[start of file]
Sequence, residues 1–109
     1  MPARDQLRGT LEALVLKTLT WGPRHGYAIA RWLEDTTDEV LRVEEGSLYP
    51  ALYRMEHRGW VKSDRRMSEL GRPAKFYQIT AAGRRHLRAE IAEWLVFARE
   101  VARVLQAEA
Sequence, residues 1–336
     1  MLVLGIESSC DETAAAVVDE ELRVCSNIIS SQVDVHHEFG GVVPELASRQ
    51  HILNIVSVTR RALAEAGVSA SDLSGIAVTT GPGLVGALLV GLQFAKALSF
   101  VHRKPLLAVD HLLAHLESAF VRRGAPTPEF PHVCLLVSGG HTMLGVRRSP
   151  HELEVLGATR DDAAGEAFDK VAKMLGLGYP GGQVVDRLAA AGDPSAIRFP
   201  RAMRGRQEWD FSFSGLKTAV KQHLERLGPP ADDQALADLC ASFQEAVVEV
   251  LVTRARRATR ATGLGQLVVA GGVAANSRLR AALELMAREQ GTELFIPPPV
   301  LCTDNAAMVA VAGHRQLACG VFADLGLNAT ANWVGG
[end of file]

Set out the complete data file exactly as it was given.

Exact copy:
Sequence, residues 1–109
     1  MPARDQLRGT LEALVLKTLT WGPRHGYAIA RWLEDTTDEV LRVEEGSLYP
    51  ALYRMEHRGW VKSDRRMSEL GRPAKFYQIT AAGRRHLRAE IAEWLVFARE
   101  VARVLQAEA
Sequence, residues 1–336
     1  MLVLGIESSC DETAAAVVDE ELRVCSNIIS SQVDVHHEFG GVVPELASRQ
    51  HILNIVSVTR RALAEAGVSA SDLSGIAVTT GPGLVGALLV GLQFAKALSF
   101  VHRKPLLAVD HLLAHLESAF VRRGAPTPEF PHVCLLVSGG HTMLGVRRSP
   151  HELEVLGATR DDAAGEAFDK VAKMLGLGYP GGQVVDRLAA AGDPSAIRFP
   201  RAMRGRQEWD FSFSGLKTAV KQHLERLGPP ADDQALADLC ASFQEAVVEV
   251  LVTRARRATR ATGLGQLVVA GGVAANSRLR AALELMAREQ GTELFIPPPV
   301  LCTDNAAMVA VAGHRQLACG VFADLGLNAT ANWVGG